56 Although a lead type may have many good points, no form is an SMT cure-all. For example, BGA requires less PCB real estate than gull wing components; however, balls increase board layer count requirements. Other BGA disadvantages include incompatibility with different reflow processes, cleaning problems, and hidden solder joints that cannot be inspected and are difficult to repair. J lead packages have been the real workhorse of SMT. This package, an American invention, is more popular in the U.S. than Japan. They start at about 20 pins and are commonly used up to 84 pins. The J leaded packages come in Dual Inline and Quad formats. For pin counts higher than 84, different lead configurations such as gull wing or BGA must be used. J lead packages are more rigid than gull wing because of work hardening of leads during forming. For pin counts above 84, J lead style is not used because of the difficulty in forming these leads. Like BGA, J lead devices are not compatible with all types of reflow processes (i.e., hot bar). And like BGA and gull wing, they also self-align well during reflow when slightly misplaced. However, one should never count on self-alignment as a substitute for accurate placement. J lead packages are excellent for cleaning because of higher standoff height. They take up less real estate on a board than other types of packages such as gull wing or butt leads. J lead inspection accessibility is excellent since the outer fillet is the major fillet for solder joint reliability. Butt lead or I lead is not a commonly used configuration. However, it is sometimes used by cutting off the leads of through-hole devices such as DIPs to convert them to surface mount by brute force. This method is not always desirable but is an option especially when there are only a few through-hole packages in an almost completely surface mount board. Conversion to surface mount helps reduce the number of process steps during assembly. These packages have high body thickness since they are essentially through-hole. They are not compatible with all soldering processes and creating good solder fillets with these leads is difficult. These leads are not used for very high pin count packages since DIPs are essentially low pin count packages. They generally do not self-align during reflow because of their higher mass. They are suitable for inspection, poor for real estate efficiency and excellent for cleaning because of their high standoff. Where do we go from here? We have a mature infrastructure in place for dealing with PGA and QFP (0.5 mm pitch and above) packages. They do not address all our needs. So we have to explore high pin count CPGAs, enhanced plastics, BGAs, TAB and FQFPs. As the performance and speed of microprocessor's increase, pin counts will increase. This trend will continue despite the fact that using multilayer packages with in-package capacitance for decoupling will electrically enhance these packages. For cost reduction, thermally and electrically enhanced packages will become common. For this to happen, however, the reliability concerns in such packages must be addressed first by the industry. The complexity of board assemblies will increase because packages of varying lead pitches including through hole will be used. To reduce board complexity and to increase manufacturing yield, ball grid array packages will become common since they reduce process complexity for the user. And, of course, the suppliers and users both will feel the complexity. Despite complexity in packaging and assembly, the primary driver will be cost. So the winners will be those suppliers who not only meet the technical challenge to provide a solution, but do so at a continuously decreasing price. 4.2 SMT Component Status This section describes the current packaging status of the major surface mount product families. It includes a discussion of current standards and identifies areas for future development. It also displays the significant wealth of standards and documents that have been introduced in the past 12 months to define component package criteria. Passive and Electromechanical Products 1999 Status and Action Plan Section 4 Page 7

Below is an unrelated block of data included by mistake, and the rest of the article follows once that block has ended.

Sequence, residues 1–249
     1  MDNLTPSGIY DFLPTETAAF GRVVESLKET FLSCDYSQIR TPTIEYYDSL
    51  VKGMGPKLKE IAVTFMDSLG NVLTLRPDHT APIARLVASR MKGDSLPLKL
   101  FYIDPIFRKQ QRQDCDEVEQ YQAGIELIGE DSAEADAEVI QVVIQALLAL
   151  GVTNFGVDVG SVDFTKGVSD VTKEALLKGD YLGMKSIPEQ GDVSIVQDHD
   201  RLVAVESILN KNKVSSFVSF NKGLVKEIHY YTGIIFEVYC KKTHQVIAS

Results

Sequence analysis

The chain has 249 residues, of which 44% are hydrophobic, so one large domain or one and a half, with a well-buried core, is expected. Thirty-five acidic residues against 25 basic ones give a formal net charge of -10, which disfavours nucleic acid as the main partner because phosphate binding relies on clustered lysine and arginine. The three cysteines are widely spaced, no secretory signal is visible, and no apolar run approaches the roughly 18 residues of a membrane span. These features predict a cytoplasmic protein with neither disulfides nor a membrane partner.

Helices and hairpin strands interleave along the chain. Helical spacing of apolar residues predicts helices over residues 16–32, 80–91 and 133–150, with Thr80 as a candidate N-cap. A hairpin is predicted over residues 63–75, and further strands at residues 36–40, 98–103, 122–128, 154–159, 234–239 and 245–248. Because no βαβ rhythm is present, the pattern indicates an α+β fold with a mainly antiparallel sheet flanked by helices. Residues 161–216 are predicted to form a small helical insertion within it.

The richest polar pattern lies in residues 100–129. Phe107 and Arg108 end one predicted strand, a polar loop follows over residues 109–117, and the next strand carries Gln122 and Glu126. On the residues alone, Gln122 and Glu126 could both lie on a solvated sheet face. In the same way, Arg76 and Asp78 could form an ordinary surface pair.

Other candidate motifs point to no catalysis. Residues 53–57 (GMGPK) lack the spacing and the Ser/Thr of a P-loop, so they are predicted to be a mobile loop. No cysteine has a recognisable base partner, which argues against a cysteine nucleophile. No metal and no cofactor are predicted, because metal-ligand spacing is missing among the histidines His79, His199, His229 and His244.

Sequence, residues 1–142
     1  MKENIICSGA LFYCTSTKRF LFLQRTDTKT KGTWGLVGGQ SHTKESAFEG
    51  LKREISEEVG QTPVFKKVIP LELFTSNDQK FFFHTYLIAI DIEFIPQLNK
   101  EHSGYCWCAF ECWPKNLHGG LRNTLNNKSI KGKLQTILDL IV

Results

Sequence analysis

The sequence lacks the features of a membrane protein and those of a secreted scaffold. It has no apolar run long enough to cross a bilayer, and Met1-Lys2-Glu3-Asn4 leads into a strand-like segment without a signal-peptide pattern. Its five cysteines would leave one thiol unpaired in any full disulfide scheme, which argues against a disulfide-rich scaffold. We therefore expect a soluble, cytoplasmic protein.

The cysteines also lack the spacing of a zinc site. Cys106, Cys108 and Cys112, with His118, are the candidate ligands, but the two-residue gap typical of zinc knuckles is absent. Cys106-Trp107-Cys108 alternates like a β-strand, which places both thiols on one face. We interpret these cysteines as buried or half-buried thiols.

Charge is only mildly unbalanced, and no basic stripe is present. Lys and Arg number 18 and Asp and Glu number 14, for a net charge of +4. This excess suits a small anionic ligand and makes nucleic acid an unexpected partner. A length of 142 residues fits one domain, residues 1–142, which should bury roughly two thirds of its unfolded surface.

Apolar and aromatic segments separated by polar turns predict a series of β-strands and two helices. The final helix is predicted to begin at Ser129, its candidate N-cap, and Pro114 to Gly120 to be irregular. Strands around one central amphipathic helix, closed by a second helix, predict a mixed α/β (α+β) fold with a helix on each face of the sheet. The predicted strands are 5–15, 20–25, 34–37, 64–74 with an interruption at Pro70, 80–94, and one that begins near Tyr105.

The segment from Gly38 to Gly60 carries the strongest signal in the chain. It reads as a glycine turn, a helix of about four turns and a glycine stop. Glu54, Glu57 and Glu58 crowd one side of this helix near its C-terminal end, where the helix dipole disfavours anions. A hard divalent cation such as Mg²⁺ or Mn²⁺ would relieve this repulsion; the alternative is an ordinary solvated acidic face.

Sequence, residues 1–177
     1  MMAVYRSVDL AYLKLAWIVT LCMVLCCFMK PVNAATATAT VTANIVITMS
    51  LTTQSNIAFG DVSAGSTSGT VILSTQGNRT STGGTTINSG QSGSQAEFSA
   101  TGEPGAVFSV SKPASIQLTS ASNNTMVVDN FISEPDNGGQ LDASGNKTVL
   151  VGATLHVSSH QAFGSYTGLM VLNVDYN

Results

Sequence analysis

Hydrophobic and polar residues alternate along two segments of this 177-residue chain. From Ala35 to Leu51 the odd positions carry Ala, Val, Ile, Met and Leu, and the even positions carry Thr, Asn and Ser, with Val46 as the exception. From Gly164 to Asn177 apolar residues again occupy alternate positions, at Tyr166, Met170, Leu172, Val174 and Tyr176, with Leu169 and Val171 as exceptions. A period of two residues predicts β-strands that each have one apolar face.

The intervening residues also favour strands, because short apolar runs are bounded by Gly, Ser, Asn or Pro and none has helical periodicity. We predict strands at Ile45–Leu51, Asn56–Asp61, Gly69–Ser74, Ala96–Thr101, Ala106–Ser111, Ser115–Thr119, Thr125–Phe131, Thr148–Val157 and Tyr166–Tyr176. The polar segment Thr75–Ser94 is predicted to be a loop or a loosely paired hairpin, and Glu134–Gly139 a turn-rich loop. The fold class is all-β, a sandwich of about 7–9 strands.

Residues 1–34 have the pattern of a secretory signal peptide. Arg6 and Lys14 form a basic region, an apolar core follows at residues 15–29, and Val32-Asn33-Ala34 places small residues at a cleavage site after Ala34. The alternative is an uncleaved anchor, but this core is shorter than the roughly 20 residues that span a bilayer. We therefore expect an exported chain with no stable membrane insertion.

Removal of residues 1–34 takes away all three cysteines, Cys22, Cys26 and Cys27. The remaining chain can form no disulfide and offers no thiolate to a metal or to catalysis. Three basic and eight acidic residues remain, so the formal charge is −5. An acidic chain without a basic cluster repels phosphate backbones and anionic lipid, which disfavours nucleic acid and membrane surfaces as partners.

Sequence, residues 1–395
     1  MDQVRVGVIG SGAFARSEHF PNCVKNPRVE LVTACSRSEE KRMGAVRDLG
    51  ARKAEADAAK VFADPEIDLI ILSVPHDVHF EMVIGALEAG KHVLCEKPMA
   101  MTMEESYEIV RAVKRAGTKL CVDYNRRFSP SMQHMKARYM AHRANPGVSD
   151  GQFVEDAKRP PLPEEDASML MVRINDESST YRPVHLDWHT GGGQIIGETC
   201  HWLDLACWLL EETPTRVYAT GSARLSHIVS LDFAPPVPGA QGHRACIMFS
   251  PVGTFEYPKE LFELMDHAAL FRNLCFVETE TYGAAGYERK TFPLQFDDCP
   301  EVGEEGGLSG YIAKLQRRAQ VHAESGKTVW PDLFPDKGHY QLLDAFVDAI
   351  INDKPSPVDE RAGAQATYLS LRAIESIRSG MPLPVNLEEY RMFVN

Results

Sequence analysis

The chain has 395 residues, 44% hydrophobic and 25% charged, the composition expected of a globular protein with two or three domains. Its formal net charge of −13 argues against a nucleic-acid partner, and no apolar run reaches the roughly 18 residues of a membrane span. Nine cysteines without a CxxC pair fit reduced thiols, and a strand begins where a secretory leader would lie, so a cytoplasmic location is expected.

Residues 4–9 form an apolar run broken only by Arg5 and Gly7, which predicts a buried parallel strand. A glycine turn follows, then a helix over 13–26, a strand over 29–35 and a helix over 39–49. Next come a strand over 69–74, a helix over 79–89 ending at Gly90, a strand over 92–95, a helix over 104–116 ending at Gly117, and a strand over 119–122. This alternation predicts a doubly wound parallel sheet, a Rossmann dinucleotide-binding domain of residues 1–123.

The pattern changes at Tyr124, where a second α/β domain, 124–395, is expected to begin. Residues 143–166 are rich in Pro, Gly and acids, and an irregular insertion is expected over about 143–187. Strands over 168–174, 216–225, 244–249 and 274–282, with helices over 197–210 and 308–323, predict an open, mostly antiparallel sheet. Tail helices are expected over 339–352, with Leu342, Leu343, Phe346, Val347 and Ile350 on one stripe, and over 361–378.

57 Passive Surface Mount products have become readily available as the market has continued to expand. High volume usage parts are being supplied by both domestic and foreign sources. Earlier SMT process incompatibilities have been overcome for the most part. Challenges for the future continue to involve size compression and value extension. Since these products are often the most numerous on the PB, they sometimes are the limiting factor in the end product size. This led to investigation of passive component arrays. This investigation is still in the early stages. Standardization of package types, terminations and pin outs, and costs are detriments to implementation at this time. Concerns for compatibility with circuit and layout needs must also be overcome. Standards for passive parts have been published and are under continuous review to ensure they meet new needs as these needs develop. EIA has published a catalog of registered Surface Mount Passive Part Outlines as EIA PDP This book provides detailed drawings of SM parts, which have been reviewed and approved by the EIA P-4 committee. This publication serves the same purpose for passive parts as JEDEC Publication 95 serves for Semiconductor Outlines. EIA/IPC coordination will provide the recommended registered land patterns for all of the EIA published outlines. These land patterns are documented in IPC-SM-782. Detailed component standards, which provide performance specifications and standardized test methods for all of the published outlines, are shown in Table 3-1. Table 4-1 Summary of Passive Surface Mount Component Standards PRODUCT FAMILY Fixed Resistors Resistor Networks Variable Resistors (Potentiometers) Ceramic Chip Capacitors Tantalum Capacitors Inductors Switches Connectors Crystals REFERENCE DOCUMENTS EIA-575 EIA-576 EIA/IS-34 VRCI-SMT-300 EIA/198D CB-11 Ceramic Chip Mounting Bulletin EIA-535 BAAC (Molded Case) EIA-535 BAAD (Conformal Coated Case) Pending (Molded Case-Fused) Pending (Molded Case-Low ESR) Pending (Application Bulletin) EIA/IS-XX (proposed) EIA-520 EAAA (SM DIP SWS) EIA/PN-2186 (Proposed SM Toggle) EIA-PN-2251 (Proposed SM Push button) EIA/IS-XX (proposed) EIA-IS-XX (proposed) Resistors 1999 Status and Action Plan Section 4 Page 8